I only know this: we pull away because we want to feel better. So let that be. For now.

    I gasped for air today when I woke up

    September 15th, 2014

    It was a nightmare. Someone extorted me and manipulated me to give up everything. My identity. My life. My people. I was alone at home, waiting for others to return. But then someone came to the door. I made a bad call and let the person in.

    Afterwards, I felt violated and lost. Sure, there was sympathy. But then there was the feeling that it was my fault. I was to the blame. That my life was so different. I felt my heart ripped apart.

    Then in the middle of the night, I woke up from the nightmare and gasped for air. Letting the softness and comfort of reality wrap me. What the details were drifted away from my fingertips and eyes so quickly as if it never happened.

    Yet, the feeling of horror and violation stayed with me. In reality, I felt that I had more control of my life. More perceived control, at least. So I closed my eyes and willed happier dreams to return.

    Every 5 years, I buy a new laptop

    September 11th, 2014

    Financially, it’s not the best decision as I hold out each passing year. Because I still believe that my current laptop, still running, will survive the ticking clock.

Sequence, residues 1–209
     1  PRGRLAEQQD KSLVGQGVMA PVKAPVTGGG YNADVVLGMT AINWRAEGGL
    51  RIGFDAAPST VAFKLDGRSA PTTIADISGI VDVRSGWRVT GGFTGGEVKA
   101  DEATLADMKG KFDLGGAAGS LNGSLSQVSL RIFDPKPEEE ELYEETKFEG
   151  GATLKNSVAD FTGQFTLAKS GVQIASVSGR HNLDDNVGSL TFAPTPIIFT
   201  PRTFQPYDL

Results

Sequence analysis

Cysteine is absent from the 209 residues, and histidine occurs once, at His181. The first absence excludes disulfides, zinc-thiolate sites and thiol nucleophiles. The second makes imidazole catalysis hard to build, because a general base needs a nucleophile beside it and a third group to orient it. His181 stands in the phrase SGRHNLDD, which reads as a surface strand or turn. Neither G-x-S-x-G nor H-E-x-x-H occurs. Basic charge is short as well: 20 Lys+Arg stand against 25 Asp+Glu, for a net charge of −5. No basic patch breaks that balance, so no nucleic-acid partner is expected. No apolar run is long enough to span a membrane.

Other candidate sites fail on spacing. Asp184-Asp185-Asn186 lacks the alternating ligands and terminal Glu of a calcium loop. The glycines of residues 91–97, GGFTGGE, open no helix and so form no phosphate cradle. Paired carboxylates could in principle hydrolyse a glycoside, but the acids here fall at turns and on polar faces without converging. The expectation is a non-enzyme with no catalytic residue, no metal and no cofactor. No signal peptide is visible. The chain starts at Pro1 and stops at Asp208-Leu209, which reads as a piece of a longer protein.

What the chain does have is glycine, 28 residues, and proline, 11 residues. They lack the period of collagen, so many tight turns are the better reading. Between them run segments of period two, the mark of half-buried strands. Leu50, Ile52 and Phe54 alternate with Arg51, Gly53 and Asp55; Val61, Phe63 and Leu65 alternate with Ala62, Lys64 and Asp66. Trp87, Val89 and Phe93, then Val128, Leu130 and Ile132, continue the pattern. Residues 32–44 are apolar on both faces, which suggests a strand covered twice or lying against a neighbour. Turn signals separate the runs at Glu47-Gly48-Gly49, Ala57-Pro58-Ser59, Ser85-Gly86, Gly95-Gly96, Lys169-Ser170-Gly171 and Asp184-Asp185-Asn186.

Ever resourceful, last week, I tapped a friend at Apple to buy a laptop using his employee discount. The order was finally made on Monday and suddenly Chris swung behind the Apple store in Union Square in San Francisco. This is no suburban Apple store, usually filled with tourists trying to check their email and searching for their next activity. “I’ll be back,” he said and left me in the passenger seat in the yellow zone.

    In a few minutes, he jogged up to the car with a white box, placing it in the back seat next to the AV equipment we were transporting for my upcoming meeting. “Remember!” he exclaimed. “You have the next year to activate an additional 2 years of AppleCare!”

    “Why would I do that?” Then I hesitated, “Did you get a hard sell from the Apple employees?”

    “Yes,” he grinned.

    Later, the new laptop was charged and massaged carefully alive. I tapped on the Macbook Pro I bought in 2009, an impulsive purchase after I got the first job after the big recession. A reward for me then. Now this laptop in 2014 is more for my constant freelancing and the frustration that seemed to bore in my forehead when Sketch and Omnigraffle spun the pinwheel seemingly in an infinite loop.